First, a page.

Gov. Christie apologizes for 'crazy mayor' comment during New Jersey flooding remarks

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WPVI reporter Trish Hartman has the details.

New Jersey Governor Chris Christie has apologized to the south Jersey official he referred to as "one crazy mayor" during a campaign appearance Monday night.

Christie called North Wildwood Mayor Patrick Rosenello Tuesday morning, reportedly telling him that he values their good relationship and admitted he said things he shouldn't have.

"I received a call from Gov Christie this morning," Rosenello said. "He apologized to me. He also asked me to apologize to the first responders, and the residents and the business owners...I think he recognizes that he misspoke, and he did."

The controversial comments, which have come under fire on social media and in communities across south Jersey, came as part of an exchange during a town hall event in Hooksett, New Hampshire.

"I take heat for what I say all the time. I called the mayor this morning and I apologized to him. He's a longtime friend," said Christie at a Tuesday afternoon news conference. "I got carried away last night at a town hall meeting, it's not the first time that I've gotten carried away and said something that I later apologized for. Doesn't happen often but it happens."

The governor was asked by a young woman at a town hall why he was campaigning in the state instead of helping survey damage caused by the snowstorm, saying her family and friends in the state were concerned.
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New Jersey Gov. Chris Christie is defending his decision to return to the campaign trail after this weekend's record-breaking blizzard.

Video of the exchange shows Christie responding, "Well because it's already done." He said only one county in the state experienced flooding and asked what she expected him to do.

"You want me to go down there with a mop?" he asked.

"The fact is, all the roads were cleared and NJ Transit was back up," Christie said. "For the people who did sustain flooding, we had folks on the ground to evacuate them if they needed to be evacuated. No one needed to be evacuated."

Christie went on to say, "I heard one crazy mayor down in south Jersey say this is worse flooding than Sandy. Here's the one thing one thing you need to know about that mayor. His town didn't get hit by Sandy."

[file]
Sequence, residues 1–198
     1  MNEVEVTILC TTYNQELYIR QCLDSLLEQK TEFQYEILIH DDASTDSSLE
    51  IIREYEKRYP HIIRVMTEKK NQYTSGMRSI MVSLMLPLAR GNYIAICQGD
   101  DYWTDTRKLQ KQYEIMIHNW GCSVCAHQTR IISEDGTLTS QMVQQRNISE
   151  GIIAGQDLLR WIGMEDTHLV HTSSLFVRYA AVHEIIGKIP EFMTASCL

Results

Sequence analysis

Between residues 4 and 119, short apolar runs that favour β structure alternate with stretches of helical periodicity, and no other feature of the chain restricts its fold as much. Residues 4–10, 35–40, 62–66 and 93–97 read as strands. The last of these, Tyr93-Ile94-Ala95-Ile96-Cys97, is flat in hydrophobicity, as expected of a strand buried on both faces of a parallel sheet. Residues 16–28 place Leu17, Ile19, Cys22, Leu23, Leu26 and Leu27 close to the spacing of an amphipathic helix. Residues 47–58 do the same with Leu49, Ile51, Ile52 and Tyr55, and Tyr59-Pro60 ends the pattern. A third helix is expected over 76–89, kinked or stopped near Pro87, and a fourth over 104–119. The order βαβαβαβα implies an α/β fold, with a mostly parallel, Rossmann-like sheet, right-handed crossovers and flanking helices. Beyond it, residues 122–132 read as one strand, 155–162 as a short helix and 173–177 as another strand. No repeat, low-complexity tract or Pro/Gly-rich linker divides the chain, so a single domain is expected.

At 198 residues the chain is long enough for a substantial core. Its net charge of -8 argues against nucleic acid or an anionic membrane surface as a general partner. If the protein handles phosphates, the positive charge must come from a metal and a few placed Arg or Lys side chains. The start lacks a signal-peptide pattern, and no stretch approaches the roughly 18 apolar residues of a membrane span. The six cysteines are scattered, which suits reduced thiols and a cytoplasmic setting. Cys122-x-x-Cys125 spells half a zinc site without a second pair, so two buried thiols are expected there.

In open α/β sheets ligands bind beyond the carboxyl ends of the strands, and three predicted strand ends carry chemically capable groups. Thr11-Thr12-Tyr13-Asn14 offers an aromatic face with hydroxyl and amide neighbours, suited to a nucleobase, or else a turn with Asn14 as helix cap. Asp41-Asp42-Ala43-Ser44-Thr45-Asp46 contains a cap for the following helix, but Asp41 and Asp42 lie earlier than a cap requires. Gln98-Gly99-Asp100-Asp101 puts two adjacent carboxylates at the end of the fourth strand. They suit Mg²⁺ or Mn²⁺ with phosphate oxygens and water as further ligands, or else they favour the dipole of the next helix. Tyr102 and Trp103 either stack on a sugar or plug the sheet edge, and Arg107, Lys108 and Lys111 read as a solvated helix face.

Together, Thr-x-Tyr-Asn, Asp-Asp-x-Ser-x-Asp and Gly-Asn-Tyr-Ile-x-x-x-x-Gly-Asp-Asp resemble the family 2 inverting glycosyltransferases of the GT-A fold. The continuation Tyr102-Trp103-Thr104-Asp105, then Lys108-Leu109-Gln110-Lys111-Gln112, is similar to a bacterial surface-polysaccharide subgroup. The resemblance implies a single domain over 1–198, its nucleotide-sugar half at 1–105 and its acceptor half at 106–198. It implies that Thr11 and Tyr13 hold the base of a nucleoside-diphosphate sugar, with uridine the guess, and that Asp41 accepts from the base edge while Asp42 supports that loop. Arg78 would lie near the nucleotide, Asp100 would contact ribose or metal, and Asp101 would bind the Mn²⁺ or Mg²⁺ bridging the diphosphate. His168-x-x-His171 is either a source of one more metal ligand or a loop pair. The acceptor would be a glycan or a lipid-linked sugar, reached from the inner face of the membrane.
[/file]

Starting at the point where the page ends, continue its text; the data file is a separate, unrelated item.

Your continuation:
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Mayor on Christie's comments: "I am disappointed that he would lower himself as much as he did this evening."

Sister station WPVI Action News in Philadelphia interviewed Rosenello in North Wildwood Monday before Christie made his comments, and the mayor said no evacuation was ordered during the blizzard because the storm surge was predicted to be below 9 feet. But that surge was greater than expected, and 150 people did have to be rescued from their flooded homes.

"From a statewide perspective, this storm certainly did not have the impact of Hurricane Sandy," he said. "Locally, in a very localized area, it appears in south Cape May County this storm was worse than Hurricane Sandy."

Tuesday morning, Rosenello responded to Christie's criticism of him, releasing the following statement:

I have watched the video of the comments that Governor Chris Christie made at a campaign event in New Hampshire this evening, where he referred to me as the 'Crazy Mayor of North Wildwood.' As one of his earliest supporters during both of his runs for Governor and having met and interacted with him and his family numerous times over the course of his terms as Governor, I am disappointed that he would lower himself as much as he did this evening.

I am more disappointed, however, in the evident lack of concern or respect that he is showing for the first responders, residents, business and property owners of North Wildwood, Cape May County and other areas of New Jersey impacted by this storm. Having spent the entirety of this event in North Wildwood and coordinating with our emergency responders to safely rescue approximately 150 people from their flooded homes, my perspective is somewhat different from that of the Governor as he campaigns in New Hampshire.
Related Topics:
politicsfloodingblizzard of 2016n.j. newsNorth Wildwood
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